** Course Structure:** The class lectures will be MWF 11-11:50am
in Room 127 of Dane Smith Hall. The course
will cover most of the material in chapters 10-14
in the book. It is very helpful to read the material before it is discussed in
class. Here you can find the __syllabus__.
You should register in __recitation session__
that will meet once a week on either Tuesday or Thursday.
In case of schedule conflicts you should talk to me.

** Course content:** The course will
cover most of the material in chapters 10-14 in the textbook. It is very
helpful to read the material before it is discussed in class.
This is a continuation of
Calculus II. We will assume working knowledge on one-variable calculus,
that is: basic functions, limits, differentiation and integration.
In this course we will study calculus in two and three variables.
First we will get acquainted with the geometry of the plane and the space,
we will introduce vector notation and vector operations. Next we will
study vector-valued functions, space curves and motion in space (this is
still one-variable calculus but embbeded in 3-dimensional space).
Next we will start our study in depth of functions of several variables,
limits and continuity, partial derivatives, differentiability, and
applications to extreme value problems. Next comes multiple integration:
double and triple integrals and their applications to calculate areas,
volumes, masses, moments, etc. We will also learn how to integrate in other
systems of coordinates: polar, cylindrical and spherical coordinates.
The final topic we will cover is integration in vector fields: this includes
line integrals, vector fields, work, circulation and flux as well
as the analogue to the fundamental theorem of calculus (FTC) in two
dimensions, namely Green's Theorem. Time permitting we will oversee
surface integrals and the very important
three dimensional analogues of the FTC, namely: Stoke's Theorem and
the Divergence Theorem.

**Resources:** There are many resources to help you succeed in this
course. First, if you are having problems, immediately contact your lecturer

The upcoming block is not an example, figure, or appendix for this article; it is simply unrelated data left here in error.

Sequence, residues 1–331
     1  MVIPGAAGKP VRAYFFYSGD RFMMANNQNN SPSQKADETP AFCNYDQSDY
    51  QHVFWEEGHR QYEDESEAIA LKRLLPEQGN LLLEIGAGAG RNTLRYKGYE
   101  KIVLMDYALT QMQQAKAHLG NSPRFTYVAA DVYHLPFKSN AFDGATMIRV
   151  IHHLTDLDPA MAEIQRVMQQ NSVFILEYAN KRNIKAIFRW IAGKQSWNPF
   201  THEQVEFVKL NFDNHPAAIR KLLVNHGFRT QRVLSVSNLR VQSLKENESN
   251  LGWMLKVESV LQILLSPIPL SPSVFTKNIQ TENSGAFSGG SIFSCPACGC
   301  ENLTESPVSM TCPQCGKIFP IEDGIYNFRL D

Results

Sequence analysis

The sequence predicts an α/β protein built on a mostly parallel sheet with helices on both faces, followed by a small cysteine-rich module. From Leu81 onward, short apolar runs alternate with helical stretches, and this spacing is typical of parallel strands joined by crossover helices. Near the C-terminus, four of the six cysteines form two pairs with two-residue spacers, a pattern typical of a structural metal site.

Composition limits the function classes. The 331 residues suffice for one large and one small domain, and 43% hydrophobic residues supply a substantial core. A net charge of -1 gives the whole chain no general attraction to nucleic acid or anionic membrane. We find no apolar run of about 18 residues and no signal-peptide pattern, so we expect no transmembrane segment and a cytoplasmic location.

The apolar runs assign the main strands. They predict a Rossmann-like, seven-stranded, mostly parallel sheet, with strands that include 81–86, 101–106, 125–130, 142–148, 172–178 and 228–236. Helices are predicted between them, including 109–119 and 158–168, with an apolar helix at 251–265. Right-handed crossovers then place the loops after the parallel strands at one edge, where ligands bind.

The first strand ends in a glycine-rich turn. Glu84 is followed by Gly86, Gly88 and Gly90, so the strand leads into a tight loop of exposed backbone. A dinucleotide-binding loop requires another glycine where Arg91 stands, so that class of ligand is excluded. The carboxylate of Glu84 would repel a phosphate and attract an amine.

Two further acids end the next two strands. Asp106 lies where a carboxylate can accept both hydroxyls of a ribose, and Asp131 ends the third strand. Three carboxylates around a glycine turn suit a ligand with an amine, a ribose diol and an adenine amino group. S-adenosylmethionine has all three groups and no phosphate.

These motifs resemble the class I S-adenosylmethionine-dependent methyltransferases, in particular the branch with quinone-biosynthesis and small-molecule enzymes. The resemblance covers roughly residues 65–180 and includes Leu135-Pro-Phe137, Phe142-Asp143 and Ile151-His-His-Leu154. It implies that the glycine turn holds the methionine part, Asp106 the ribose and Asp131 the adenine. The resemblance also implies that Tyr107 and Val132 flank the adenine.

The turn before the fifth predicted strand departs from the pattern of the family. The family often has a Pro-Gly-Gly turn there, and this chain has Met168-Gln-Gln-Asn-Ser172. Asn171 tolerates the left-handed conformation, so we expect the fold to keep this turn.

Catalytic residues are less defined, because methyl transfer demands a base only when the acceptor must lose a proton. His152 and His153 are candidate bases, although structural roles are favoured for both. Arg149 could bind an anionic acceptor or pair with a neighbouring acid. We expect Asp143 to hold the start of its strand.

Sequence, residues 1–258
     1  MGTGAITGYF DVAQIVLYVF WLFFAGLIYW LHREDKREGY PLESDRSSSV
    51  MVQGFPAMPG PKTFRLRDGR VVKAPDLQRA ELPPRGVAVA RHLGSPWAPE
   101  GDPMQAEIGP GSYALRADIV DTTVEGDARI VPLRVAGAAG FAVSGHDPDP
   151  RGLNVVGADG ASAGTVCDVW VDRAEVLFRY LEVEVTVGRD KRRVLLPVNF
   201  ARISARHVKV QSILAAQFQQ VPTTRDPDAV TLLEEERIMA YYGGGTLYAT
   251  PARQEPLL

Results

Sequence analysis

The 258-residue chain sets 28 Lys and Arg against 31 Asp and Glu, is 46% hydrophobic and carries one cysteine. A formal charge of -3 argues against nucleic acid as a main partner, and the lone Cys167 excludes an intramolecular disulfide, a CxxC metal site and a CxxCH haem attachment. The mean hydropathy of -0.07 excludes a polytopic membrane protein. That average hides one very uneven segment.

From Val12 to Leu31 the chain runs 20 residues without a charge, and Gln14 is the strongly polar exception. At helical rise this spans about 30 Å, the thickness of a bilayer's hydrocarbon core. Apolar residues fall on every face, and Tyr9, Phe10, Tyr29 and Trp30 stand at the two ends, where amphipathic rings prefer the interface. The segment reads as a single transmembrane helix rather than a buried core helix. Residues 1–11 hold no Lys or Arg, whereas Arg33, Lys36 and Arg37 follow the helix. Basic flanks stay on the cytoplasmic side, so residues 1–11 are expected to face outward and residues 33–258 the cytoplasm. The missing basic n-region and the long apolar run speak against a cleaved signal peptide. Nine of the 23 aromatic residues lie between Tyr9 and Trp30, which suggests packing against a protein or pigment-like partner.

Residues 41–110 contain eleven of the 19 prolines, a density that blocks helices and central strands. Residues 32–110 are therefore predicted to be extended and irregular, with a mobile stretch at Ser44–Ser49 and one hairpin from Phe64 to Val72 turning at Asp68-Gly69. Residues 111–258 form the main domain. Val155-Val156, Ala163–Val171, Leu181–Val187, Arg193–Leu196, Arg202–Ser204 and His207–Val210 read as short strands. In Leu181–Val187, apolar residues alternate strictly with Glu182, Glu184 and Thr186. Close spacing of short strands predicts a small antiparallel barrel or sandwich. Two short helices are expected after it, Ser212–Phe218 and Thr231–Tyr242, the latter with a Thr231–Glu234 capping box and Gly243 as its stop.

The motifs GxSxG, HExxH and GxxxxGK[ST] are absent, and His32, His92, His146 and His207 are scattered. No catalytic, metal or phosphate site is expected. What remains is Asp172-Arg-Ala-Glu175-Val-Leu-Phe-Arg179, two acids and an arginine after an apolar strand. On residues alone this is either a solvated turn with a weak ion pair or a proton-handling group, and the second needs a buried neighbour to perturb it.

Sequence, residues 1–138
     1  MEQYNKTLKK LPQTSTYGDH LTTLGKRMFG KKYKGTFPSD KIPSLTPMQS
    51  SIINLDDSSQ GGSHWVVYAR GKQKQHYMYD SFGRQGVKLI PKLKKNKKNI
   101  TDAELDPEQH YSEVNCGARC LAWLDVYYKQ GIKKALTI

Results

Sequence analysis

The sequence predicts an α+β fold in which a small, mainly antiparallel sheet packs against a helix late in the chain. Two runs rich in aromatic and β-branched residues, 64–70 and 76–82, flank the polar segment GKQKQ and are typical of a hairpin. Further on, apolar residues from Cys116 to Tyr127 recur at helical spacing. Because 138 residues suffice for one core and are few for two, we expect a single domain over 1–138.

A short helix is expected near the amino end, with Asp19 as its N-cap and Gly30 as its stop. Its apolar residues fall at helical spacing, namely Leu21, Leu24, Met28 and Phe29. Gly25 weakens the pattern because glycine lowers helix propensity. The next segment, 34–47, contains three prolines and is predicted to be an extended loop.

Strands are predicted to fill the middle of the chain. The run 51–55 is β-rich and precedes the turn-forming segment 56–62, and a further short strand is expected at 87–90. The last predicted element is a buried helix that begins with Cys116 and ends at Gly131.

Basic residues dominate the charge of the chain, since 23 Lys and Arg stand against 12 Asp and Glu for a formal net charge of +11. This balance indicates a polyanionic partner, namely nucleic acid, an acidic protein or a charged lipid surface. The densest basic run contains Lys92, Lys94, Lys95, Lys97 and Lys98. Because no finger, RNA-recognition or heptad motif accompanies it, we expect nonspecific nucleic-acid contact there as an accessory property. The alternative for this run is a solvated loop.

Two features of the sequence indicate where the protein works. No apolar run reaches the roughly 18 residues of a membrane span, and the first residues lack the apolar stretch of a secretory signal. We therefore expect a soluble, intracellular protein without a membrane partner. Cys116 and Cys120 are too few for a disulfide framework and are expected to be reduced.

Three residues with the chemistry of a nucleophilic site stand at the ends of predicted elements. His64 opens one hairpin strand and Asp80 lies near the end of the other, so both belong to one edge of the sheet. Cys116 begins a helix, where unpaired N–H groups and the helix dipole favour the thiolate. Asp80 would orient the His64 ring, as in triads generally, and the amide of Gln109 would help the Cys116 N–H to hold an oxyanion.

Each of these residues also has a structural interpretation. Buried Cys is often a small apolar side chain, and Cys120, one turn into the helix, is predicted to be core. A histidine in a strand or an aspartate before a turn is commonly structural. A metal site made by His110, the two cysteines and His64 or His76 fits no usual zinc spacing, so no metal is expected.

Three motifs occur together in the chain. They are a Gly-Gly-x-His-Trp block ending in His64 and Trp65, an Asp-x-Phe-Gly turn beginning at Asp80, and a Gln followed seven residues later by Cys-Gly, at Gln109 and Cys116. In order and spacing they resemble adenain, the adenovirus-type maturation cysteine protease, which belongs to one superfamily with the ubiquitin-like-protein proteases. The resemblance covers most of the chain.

and your laboratory instructor, they can help you. You can also schedule
an appointment with one of the academic support centers on campus:

CAPS:Center for Academic Program Support, located on the third floor of Zimmerman Library (277-4560)

MEP:Minority Engineering Program at the School of Engineering, Engineering Annex, Room 210 (277-8795)

CATS:Counseling and Therapy Services, located in the Student Health Center (277-4537)

** Homework:** Work as many odd numbered problems in the
text as possible (in the
__
syllabus__
you will find an extensive selection
of them).
At a minimum do *all* the problems listed by number on the
__Math 264 Homework Problems__. Every week the problems corresponding
to the previous week will be collected and 2 or 3 of the problems will be
graded at random and handed back to you promptly.
You are encouraged to discuss the homework with each other, but make sure
you understand how to work the problems yourself because you will have no
help on the exams and quizzes. You learn mathematics by doing it, the more
problems you do the better you will grasp the material.

** Quizzes:** Almost every week you will
have a quiz in your recitation class
The problems
on the quizzes will be similar to the homework problems.
Your grade on the quizzes is the average of all but your lowest two
quizzes grades. There will be no makeups for quizzes.

** Exams:** There will be three midterms in
class as listed
in the syllabus, and a
comprehensive final exam.
The final exam is scheduled on
Wednesday Dec 13th, 10:00am-12:00noon, DSH 127.

**Calculator:** The TI-83 calculator or similar
will be allowed on exams and
quizzes, but the questions will be designed so that use of a calculator is not
crucial. Symbolic calculators will not be allowed on the tests, quizzes, or
the final exam.

** Grades:** Your final grade will be determined by adding your total
points in the course. There will be a total of 600 possible points
Points are obtained by adding your scores on the midterm exams
(100 points each), quizzes (100 points), homework (30 points),
and the final exam (170 points). You must pass the final to
get a grade of C or better in the course.

**Makeup Policy:** Makeup exams will be given if an
exam is missed for a documented valid reason.
Valid reasons include illness, family emergency, and active
participation in scholarly or athletic events.
Invalid excuses include oversleeping and other tests during the
same week.
If an exam is missed for a legitimate reason, an attempt *must* be made
to contact me by the day of the exam (preferably before the exam is given)
to let me know of your difficulty.
If you must miss a exam due to a prearranged conflict, let me
know about it so that we can arrange an alternate exam date.

**Prerequisite:**
A grade of C or better in Math 163.
If you do not meet this requirement, you will be removed from the
class rolls.

**Attendance Policy:**
If we have no record of your attendance during the first three weeks
of classes, you will be removed from the class rolls.

**
Americans with Disabilities Act:**
Qualified students with disabilities needing appropriate academic
adjustments should contact me as soon as possible to ensure your needs are
met in a timely manner. Handouts are available in alternative accessible
formats upon request.

Return to: Department of Mathematics and Statistics, University of New Mexico

Last updated: 10 August 2000